Cute. Over on The Reason Stick, a diagram of "Irrational Nonsense." Note this is only about silliness like homeopathy, astrology, miracles, and such – doesn't cover policy nonsense like the NRA…
It'd be great if the "shuffle mode" used by media players and services like Rdio would not repeat the same song 30 minutes later. (Also: an album shuffle mode would be great.)
I really wish I could have all the brain capacity back that I've devoted to saving passwords over the years. By my count, I have at least 20 current passwords memorized. (8-14 characters long, mixed case, plus numerical and other characters.)
Just followed by a company on Twitter that shares half its name with a rather well-known brand of condom. Probably not the best naming decision one could have made.
From a friend on Facebook, tsundoku (積ん読): "the act of leaving a book unread after buying it, typically piled up together with such other unread books." (Combination of tsumu (to pile up) and doku (to read), which is a pun on tsundeoku (to leave piled up).
I'm glad that there's a word for this. It's something I'm well-acquainted with, but didn't have a succinct way of discussing previously…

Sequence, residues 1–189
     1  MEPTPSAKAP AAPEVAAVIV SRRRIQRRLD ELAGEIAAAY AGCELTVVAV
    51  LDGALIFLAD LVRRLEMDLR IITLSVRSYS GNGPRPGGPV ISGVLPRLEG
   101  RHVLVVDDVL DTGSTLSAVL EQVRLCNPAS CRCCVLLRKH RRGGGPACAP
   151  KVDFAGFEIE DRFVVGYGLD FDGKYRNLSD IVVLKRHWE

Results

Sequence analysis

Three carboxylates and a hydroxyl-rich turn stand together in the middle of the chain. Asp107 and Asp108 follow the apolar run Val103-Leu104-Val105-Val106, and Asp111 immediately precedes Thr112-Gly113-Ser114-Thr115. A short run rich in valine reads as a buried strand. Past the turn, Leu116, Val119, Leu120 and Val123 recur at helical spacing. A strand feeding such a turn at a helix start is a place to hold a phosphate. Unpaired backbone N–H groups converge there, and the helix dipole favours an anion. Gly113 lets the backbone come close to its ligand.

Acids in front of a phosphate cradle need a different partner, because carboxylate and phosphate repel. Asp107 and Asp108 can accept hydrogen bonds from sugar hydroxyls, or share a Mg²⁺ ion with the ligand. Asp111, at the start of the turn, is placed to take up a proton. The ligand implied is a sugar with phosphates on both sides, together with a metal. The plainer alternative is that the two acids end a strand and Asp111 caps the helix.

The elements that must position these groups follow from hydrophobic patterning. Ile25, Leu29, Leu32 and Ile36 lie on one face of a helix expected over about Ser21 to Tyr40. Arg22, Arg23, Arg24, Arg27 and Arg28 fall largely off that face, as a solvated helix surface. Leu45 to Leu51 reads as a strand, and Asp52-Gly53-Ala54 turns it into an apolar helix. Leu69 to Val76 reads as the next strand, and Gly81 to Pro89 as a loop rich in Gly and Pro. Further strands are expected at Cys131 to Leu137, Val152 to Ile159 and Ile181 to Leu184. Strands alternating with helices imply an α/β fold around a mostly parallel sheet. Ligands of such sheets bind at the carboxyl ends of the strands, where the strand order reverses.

If I lived to be 100, and could spend 40+ hours a week reading, I still wouldn't finish all the books I'd like to read. And that's assuming I don't turn up any new books when reading other books, and assuming nothing else is published ever again. Sigh.
One of the most annoying problems with any social media platform is a low-level, continual spam barrage from companies that create sock puppet accounts to post their crap to forums, blogs, and discussion groups on sites like LinkedIn.
What amazes me is that so few sites are willing to take the Metafilter approach and just charge new members $5 to sign up.
Spamming sites is effective because it's low or no-cost for sending emails or creating accounts and then spamming users. When an account is whacked for spam, it's a very minor inconvenience for the spammer to create a new account.
If spammers had to pay $5 to create each account – and it was rapidly whacked for spamming – then the cost of spam would quickly outweigh the benefits.
Oh, and there's the minor benefit of actually putting money into the service.
The downside, of course, is that it would limit growth due to the fact that fewer users would be willing to lay out a credit card. However, that's not a bad thing. First, I'd rather have an audience that's engaged enough to pay the $5. The number of users who would be valuable to a service – but unwilling to pay anything to join – is pretty small. Second, you could easily integrate with Amazon payments and other services that take the pain out of account sign ups.
And if you're running a site that (oddly) doesn't need or want the money, give it to charity.
I keep hoping this model will catch on. I'd happily pay $5 for each site that I use heavily, if the trade-off is better comment quality and no/less spam.